I set out early for the test and was delayed a half hour because the lab was busy and they needed to ensure that I could have my blood drawn at a consistent intervals. Apparently Friday is the day all the pregnant ladies come out for their 3 hour GD test. I had my fasting blood sugar drawn, drank the warm, flat orange drink, and was told that I could not eat or drink anything until they had drawn the last blood sample in three hours. I looked at my water bottle longingly and prayed I wouldn’t vomit bile. But three hours passed quickly with the help of a good book, then I popped some Tums, drained my water, and went on my merry way.

Shock of the century: I do not have GD.

This was the first test I felt was completely unnecessary. It wasted everyone’s time plus cost and resource at the lab. With a prior negative GD test and no signs of GD other than a few points past an arbitrary threshold, I felt there wasn’t cause enough for the three hour test. But seeing as this was the first test that I felt overstepped necessity, I’ll let it slide.  I asked the midwives before taking the test if there was a way to avoid the test, to which they replied that there was, but it would require me to prick my fingers multiple times daily for two weeks and report back with the blood sugar levels. That option was obviously absurd. Many practices put their patients through the ringer with arbitrary tests. I’m just glad the practice I attend does not.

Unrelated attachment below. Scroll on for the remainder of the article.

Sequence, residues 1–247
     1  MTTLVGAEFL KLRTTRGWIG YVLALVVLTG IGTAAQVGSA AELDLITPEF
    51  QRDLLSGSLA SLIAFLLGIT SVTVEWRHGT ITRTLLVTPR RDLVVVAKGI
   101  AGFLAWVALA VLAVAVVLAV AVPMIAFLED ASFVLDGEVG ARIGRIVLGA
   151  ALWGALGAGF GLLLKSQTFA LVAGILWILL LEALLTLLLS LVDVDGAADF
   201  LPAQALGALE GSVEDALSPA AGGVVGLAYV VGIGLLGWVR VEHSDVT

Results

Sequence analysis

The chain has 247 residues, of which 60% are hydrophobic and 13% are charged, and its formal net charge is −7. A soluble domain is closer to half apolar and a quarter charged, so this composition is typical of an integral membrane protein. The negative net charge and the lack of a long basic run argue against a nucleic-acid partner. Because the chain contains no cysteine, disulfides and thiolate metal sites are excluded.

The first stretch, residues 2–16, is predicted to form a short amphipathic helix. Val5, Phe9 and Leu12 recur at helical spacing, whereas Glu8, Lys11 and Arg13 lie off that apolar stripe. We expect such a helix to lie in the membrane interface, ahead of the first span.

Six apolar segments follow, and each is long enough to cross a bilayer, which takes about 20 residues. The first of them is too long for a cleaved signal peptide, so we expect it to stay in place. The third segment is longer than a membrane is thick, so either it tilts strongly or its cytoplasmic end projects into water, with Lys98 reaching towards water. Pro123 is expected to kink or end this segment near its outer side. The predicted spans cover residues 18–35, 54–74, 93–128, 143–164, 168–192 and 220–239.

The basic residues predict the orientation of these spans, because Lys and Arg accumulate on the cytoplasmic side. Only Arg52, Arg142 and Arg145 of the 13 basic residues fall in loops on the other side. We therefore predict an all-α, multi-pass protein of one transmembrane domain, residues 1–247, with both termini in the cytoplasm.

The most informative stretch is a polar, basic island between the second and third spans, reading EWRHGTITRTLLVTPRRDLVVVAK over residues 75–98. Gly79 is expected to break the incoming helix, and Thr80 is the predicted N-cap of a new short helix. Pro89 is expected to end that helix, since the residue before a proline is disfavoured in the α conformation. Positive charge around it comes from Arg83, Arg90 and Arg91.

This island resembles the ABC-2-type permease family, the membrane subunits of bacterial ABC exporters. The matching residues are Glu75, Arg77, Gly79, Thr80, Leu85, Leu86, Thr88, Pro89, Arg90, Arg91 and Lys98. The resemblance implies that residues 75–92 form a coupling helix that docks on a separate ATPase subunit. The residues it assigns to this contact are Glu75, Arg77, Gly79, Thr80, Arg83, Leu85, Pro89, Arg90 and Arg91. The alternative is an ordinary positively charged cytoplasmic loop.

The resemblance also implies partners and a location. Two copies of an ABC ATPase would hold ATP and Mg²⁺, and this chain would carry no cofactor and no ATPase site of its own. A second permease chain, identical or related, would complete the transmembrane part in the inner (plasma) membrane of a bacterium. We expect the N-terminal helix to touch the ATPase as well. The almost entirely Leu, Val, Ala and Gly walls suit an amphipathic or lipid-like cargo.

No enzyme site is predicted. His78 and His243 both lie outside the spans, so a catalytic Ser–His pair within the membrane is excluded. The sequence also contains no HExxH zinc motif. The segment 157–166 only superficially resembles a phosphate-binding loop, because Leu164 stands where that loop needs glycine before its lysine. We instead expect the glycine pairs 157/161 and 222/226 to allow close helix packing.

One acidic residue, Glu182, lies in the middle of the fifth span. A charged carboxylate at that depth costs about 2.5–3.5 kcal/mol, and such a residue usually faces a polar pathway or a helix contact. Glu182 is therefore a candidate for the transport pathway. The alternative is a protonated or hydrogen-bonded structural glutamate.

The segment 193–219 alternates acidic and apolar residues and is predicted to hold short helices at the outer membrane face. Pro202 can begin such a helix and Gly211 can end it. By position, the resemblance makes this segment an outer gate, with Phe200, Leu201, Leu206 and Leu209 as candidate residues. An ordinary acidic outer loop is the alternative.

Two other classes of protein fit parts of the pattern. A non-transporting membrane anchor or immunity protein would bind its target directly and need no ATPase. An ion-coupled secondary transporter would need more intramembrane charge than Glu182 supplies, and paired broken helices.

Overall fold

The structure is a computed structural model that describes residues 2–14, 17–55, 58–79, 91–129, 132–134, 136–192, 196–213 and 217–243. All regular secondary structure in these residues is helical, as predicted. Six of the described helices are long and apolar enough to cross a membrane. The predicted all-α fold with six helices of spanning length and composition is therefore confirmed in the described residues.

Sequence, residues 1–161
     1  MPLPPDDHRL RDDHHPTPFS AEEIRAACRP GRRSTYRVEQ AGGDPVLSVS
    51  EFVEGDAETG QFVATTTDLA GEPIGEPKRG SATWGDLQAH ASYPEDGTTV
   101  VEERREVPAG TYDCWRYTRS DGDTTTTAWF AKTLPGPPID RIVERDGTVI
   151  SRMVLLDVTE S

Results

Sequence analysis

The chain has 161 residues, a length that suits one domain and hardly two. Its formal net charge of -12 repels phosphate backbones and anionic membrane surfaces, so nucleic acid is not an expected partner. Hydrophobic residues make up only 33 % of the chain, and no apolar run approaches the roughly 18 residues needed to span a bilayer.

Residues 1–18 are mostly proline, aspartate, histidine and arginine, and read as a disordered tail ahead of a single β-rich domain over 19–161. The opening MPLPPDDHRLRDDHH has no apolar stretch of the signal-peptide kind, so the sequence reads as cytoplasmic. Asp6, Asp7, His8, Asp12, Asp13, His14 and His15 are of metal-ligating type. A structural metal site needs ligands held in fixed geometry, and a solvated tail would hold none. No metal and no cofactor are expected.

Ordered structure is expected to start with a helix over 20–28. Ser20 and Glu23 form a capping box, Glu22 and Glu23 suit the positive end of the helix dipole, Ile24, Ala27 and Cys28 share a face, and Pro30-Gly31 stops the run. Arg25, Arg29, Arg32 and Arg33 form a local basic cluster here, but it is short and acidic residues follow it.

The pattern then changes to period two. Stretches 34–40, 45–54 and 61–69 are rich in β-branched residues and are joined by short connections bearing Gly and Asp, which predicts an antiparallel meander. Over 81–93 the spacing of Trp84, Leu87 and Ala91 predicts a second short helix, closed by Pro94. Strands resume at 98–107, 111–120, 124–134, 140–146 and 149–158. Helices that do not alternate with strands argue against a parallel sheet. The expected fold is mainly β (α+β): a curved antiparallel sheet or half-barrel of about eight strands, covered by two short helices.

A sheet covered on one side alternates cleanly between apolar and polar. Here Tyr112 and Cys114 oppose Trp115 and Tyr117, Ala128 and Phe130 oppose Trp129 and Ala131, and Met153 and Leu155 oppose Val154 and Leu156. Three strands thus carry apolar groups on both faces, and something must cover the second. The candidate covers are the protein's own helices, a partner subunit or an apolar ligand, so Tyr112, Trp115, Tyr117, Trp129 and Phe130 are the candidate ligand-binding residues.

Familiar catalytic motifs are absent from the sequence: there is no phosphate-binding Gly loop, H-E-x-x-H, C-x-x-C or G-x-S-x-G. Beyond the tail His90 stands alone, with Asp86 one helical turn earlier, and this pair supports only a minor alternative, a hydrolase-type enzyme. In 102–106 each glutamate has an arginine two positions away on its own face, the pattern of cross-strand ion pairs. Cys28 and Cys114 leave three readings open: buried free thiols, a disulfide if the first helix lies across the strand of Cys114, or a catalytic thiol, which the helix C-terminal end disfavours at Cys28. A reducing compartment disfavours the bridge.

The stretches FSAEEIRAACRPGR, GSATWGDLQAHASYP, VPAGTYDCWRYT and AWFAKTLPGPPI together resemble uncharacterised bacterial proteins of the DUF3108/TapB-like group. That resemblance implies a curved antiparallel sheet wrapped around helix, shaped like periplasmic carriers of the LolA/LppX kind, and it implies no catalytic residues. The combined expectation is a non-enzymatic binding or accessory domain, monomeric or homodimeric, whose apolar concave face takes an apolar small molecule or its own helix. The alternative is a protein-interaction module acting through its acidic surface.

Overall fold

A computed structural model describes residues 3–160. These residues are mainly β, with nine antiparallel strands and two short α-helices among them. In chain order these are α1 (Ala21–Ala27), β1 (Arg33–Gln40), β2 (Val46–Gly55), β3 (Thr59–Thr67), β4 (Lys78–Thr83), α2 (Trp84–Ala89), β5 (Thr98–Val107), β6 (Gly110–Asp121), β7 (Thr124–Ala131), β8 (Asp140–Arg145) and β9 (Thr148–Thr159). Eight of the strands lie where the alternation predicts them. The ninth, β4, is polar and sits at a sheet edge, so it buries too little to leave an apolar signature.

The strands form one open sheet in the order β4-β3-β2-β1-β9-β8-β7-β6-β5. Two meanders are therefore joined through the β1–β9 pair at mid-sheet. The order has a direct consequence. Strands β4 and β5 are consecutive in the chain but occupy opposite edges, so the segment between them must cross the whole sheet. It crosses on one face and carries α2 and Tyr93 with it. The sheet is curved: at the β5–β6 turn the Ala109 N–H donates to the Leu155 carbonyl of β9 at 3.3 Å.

At my OB appointment I put a few labor and delivery concerns to rest by verifying that certain procedures that were routine a decade ago are now considered outdated or even archaic. I won’t be given an enema as soon as I arrive at the hospital, and I will be able to eat through labor if I please, though they prefer I eat bland foods.

Am I the only one who finds this comical? What is that thing?! A bagpipe?!

While many outdated procedures are no longer practiced in major hospitals, it’s always best to discuss exactly what to expect with your caregiver. I took the hospital tour and at no point was I informed of what to expect upon admission, practically speaking. Discuss these procedures in advance with your OB, especially if something comes up that you’d like to avoid. For example, it’s common in my hospital to begin IV fluids, but I made it clear I want to avoid IVs if possible. This will require a “meet halfway” situation where I will have a line placed, but nothing attached unless my vitals become unstable or an emergency occurs.

Discuss your hospital’s routines in advance with your OB so that you don’t get blindsided by unnecessary procedures you could have avoided with their help. Your OB is often your advocate in the hospital, even if they’re not in your room. Discussing your wishes in advance will set your expectations on a realistic plane and give them opportunity to write advance orders if necessary. That being said, don’t be absent from your treatment in a hospital setting. Communicate openly and clearly with your nurses (or ask your spouse to do so for you if you aren’t being very coherent). Having a birth plan is good, but communication will go much further.